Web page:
Corruption considered major problem in Europe
About 75% of Europeans believe that corruption is a major problem in their country, according to the latest Eurobarometer survey published by the European Commission here on Wednesday.
Almost half of the respondents think that the level of corruption in the country has risen over the past three years, according to the survey conducted in all 27 member states of the European Union (EU).
About three-quarters of Europeans believe that corruption exists within institutions at local, regional and national levels, while two-thirds of respondents believe that corruption is part of their country's business culture, it shows.
The survey also reveals that about 8% of the respondents said they had been asked or expected to pay a bribe in the past year.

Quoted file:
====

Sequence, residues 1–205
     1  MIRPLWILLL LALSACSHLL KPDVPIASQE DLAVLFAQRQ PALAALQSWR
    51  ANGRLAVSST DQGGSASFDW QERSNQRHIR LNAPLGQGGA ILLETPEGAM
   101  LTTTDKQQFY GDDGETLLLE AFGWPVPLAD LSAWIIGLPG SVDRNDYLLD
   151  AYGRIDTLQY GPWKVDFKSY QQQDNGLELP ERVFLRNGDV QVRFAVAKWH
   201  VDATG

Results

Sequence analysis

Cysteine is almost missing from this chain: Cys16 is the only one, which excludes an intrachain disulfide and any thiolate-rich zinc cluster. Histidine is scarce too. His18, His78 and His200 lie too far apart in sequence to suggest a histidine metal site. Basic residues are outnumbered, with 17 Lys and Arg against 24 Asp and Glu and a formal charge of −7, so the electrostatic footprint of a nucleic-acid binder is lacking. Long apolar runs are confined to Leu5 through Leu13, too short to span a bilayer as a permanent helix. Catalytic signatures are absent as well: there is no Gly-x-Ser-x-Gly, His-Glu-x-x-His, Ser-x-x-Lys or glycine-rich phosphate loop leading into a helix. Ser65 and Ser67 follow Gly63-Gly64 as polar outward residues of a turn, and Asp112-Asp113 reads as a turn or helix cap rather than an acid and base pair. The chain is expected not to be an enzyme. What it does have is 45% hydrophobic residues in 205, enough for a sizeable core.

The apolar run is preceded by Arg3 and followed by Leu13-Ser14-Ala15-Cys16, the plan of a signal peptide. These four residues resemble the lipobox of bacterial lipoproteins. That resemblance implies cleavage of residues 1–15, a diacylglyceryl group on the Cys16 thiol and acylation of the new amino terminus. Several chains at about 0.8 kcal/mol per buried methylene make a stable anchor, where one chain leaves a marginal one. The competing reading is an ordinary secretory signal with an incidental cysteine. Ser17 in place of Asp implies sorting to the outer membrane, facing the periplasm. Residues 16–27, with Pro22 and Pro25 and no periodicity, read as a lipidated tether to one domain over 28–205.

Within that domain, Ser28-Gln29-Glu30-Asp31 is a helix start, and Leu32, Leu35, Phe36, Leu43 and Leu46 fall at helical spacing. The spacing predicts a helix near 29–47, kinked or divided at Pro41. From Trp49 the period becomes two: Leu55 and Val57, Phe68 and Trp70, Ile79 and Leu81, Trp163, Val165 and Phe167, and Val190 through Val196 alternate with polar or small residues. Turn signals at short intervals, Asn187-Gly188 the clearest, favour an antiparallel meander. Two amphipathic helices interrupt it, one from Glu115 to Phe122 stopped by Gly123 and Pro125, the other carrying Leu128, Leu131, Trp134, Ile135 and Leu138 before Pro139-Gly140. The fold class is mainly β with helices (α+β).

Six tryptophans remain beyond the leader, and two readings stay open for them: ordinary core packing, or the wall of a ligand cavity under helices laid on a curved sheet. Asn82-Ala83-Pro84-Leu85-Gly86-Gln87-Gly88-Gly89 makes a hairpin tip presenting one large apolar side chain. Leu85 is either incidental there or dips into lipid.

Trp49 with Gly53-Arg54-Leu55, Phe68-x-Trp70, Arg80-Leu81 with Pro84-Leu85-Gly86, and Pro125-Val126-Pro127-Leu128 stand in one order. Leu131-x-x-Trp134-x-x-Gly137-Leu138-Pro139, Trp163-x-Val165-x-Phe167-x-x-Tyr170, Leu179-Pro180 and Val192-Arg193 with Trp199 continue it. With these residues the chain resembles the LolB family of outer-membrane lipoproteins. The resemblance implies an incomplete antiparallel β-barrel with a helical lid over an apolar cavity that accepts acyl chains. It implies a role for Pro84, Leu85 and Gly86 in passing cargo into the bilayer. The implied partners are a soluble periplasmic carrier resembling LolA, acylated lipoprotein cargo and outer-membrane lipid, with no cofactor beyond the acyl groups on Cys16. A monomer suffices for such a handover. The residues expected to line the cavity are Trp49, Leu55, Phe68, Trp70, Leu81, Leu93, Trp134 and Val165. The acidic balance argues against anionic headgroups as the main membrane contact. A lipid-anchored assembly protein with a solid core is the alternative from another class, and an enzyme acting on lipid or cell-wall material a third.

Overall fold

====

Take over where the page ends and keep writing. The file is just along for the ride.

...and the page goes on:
Corruption is a disease that destroys a country from within, undermining trust in democratic institutions, weakening the accountability of political leadership and playing into the hands of organized crime groups, Cecilia Malmstrom, the EU's commissioner for home affairs, said Wednesday.
The economic costs incurred by corruption in the EU have been estimated at 120-B Euros (about US$157-B) each year.
Last year, the commission adopted an anti-corruption package urging a stronger focus on corruption in all relevant EU policies. It is scheduled to publish its first EU anti-corruption report next year.
Paul A. Ebeling, Jnr.